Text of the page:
Freud, Jung, Sabina Spielrein and the Countertransference: David Cronenberg's A Dangerous Method1

By Aguayo, Joseph | International Journal of Psychoanalysis, January 1, 2013 | Go to article overview

Freud, Jung, Sabina Spielrein and the Countertransference: David Cronenberg's A Dangerous Method1


Aguayo, Joseph, International Journal of Psychoanalysis


Prologue

With so few films that deal with significant themes in the history of our discipline, the occasion of David Cronenberg's (2011) A Dangerous Method presents innumerable interpretive possibilities to both the psychoanalyst and historian. It is somewhat unique to have an historical work become a stage play before becoming a film. But that is what happened when Christopher Hampton transformed John Kerr's (1995) A Most Dangerous Method into a stage play (The Talking Cure) in 2002 - and finally into a screenplay. In my view this helps us understand why the film may strike some as a hybrid, not unlike psychoanalysis itself. While Hampton and Cronenberg have crafted an admirable film, it falls between two stools, at once a historical documentary and, at another level, a drama about ill-fated love, both of the heart and of the mind. A Dangerous Method is more like a 'docu-drama,' itself a chemical compound that is to the liking of some, but not to all. Since I enjoyed the concoction, I break up the narrative of the film into two acts, faithful to Hampton's dramatic structure as embedded in the film. I then present a psychoanalytic critique in terms of the Freud / Jung / Spielrein triangle as a cinematic portal into the perennial problem of countertransference in its historical context.

First, the bones and knuckles of the story.

Act I. The talking cure becomes a cure of love

The carriage that raced down a road towards the Burghçlzli Hospital and carried 19 year-old Sabina Spielrein screaming and gesticulating wildly was met by 29 year-old Carl Jung. The date (17 August 1904) is one that marked the beginning of Spielrein's talking cure with Dr. Jung, who had recently become fascinated by Freud's idea that neurotic patients could be treated solely by 'talk.' The two principals sat on chairs (one behind the other, at least in the Swiss version) and the patient said everything that came to mind, or at least tried to. Spielrein compresses her short life history, ticking and grimacing wildly and grotesquely: how her overbearing father often lost his temper and laid hands on both his children and wife. Sabina tortuously confesses that, whenever father hit the children, they had to kiss his hand.

We then see juxtaposed Jung sitting with his pregnant wife Emma, usually in one comfortable domestic situation after another, soon to have a spacious home looking onto Lake Kusnacht. But Jung chafes at these domestic reins, more excited to get back to his hospitalized young patient and the experiment on which they had embarked, one that Freud (1914) would liken to a potentially explosive mixing of chemical compounds in the laboratory. Young Sabina oozes out symptoms at every turn: while walking on the grounds with Jung, when he simply dusts offher jacket with his cane, she goes wild, as he looks on incredulously. This symbolic gesture stands for father spanking her, all of which causes her unbearable distress and excitement, so she rushes back to her room to masturbate.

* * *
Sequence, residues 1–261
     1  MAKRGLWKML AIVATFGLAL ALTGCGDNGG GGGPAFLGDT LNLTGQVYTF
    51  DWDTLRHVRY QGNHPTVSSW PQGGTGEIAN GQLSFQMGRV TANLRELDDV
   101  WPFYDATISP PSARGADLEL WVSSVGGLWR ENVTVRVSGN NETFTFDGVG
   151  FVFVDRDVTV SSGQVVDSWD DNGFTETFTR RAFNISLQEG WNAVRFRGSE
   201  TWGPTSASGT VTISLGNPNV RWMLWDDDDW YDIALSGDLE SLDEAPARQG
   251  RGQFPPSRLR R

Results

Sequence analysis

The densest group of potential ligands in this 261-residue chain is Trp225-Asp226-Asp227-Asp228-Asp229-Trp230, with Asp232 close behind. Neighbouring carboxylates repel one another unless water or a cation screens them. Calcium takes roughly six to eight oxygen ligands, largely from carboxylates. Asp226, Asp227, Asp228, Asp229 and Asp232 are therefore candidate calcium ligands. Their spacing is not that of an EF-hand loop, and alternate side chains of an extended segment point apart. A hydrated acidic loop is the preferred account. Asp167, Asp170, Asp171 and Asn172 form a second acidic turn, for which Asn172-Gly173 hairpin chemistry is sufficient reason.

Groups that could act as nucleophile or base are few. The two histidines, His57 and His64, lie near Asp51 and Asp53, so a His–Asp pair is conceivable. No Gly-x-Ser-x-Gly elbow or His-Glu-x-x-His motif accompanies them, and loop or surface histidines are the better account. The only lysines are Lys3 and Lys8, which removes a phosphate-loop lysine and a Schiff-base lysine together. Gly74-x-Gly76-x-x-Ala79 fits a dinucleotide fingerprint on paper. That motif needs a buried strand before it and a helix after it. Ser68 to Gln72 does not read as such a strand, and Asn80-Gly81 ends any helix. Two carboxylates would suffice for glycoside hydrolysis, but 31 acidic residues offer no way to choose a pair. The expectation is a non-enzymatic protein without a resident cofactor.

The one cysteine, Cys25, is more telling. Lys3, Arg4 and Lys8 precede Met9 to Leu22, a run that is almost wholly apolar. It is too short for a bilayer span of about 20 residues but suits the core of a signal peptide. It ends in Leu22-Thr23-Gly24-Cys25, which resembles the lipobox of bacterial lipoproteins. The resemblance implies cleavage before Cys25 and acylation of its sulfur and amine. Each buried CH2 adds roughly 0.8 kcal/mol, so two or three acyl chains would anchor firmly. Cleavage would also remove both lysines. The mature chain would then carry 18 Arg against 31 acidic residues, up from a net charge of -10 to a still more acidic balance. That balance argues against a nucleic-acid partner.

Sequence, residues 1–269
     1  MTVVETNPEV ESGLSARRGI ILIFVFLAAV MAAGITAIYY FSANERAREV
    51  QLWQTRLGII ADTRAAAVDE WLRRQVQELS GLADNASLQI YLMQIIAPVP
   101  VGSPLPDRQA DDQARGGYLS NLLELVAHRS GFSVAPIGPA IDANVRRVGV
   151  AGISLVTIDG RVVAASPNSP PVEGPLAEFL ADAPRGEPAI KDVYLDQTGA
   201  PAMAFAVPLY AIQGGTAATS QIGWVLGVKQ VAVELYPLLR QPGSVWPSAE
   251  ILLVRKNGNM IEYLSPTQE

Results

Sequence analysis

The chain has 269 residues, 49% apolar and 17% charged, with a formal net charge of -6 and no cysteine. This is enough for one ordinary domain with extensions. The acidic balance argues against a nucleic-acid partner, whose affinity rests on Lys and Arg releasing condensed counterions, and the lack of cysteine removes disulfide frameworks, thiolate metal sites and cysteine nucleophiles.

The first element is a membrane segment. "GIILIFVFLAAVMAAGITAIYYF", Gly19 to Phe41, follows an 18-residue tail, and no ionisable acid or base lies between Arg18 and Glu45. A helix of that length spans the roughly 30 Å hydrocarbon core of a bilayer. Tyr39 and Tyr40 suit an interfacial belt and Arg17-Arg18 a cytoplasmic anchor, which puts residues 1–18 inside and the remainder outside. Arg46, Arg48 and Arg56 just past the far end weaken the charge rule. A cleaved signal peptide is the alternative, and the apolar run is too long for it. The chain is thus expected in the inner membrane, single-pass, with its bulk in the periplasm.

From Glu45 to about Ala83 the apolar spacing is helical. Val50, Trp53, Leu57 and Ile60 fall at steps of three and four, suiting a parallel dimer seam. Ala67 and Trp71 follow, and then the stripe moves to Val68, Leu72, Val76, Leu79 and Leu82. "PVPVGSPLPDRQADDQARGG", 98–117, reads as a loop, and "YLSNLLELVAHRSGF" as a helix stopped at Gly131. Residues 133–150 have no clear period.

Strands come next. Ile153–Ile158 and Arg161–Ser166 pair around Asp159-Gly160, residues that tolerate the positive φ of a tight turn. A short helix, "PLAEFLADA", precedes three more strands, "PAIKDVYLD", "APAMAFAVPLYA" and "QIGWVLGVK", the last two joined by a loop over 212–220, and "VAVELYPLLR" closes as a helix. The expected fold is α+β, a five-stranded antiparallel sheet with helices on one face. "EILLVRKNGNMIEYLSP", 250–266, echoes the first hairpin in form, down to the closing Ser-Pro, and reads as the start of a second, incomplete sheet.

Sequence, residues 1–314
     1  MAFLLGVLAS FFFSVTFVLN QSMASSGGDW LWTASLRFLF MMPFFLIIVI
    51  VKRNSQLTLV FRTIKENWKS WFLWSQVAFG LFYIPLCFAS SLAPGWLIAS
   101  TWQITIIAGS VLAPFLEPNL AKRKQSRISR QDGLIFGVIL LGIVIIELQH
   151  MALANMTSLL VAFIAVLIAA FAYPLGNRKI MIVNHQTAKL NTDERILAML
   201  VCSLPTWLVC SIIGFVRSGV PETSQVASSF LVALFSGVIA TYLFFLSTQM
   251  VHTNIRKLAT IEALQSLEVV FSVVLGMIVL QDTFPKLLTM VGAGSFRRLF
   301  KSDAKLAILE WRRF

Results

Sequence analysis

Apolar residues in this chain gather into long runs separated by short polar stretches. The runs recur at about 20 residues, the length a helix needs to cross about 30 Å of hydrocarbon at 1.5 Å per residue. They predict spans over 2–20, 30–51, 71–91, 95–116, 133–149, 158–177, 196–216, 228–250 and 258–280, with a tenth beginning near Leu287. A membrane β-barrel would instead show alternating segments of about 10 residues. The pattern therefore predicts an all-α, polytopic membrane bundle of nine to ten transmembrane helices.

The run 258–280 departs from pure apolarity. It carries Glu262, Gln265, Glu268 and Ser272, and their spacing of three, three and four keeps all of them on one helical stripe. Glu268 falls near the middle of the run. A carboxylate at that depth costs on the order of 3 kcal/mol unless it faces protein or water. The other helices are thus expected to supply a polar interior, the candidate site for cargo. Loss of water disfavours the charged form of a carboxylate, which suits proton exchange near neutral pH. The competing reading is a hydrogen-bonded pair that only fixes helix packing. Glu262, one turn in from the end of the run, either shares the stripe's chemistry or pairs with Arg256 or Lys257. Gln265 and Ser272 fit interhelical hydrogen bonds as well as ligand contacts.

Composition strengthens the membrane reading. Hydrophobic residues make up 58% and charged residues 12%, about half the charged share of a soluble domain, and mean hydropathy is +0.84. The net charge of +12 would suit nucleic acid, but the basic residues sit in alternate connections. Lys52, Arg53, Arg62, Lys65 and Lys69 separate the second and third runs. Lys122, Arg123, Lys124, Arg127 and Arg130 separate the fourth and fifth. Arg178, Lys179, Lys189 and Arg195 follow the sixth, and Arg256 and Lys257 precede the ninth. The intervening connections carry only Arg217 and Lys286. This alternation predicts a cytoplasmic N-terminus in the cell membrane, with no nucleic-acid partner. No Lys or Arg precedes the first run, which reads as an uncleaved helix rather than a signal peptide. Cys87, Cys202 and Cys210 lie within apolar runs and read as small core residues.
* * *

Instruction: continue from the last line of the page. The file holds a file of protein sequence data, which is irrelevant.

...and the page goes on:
Despite her symptoms, Sabina proves to be a quick study, as she soon assists Jung in his research, such as the famous Word Association Test, complete with stop-watch, galvanic measurements, all used to get at subjectively experienced 'complexes,' which Jung thinks can be ascertained by certain 'trigger' words. A key moment occurs when Jung, in the midst of administering the test to Emma, says the stimulus word, 'divorce,' to which she quickly retorts: 'No.' Sabina intuits Emma's 'ambivalence' (a recent term coined by Jung's chief, Eugen Bleuler) with respect to her pregnancy and fears that she might be losing her grip on her beloved Carl. Jung and Sabina continue to meet, delving into the dark recesses of a terrifying childhood, piecing together the clues to her fright and forbidden sexual pleasures with herself, all of which seemed to center around the beatings administered to her by father.

Insatiably curious to meet the man who had invented the talking cure and find out more, Jung arrived on 3 March 1906 with Emma in tow at Berggasse 19, where he is greeted at the foot of the stairs by a restrained but secretly jubilant Freud. …

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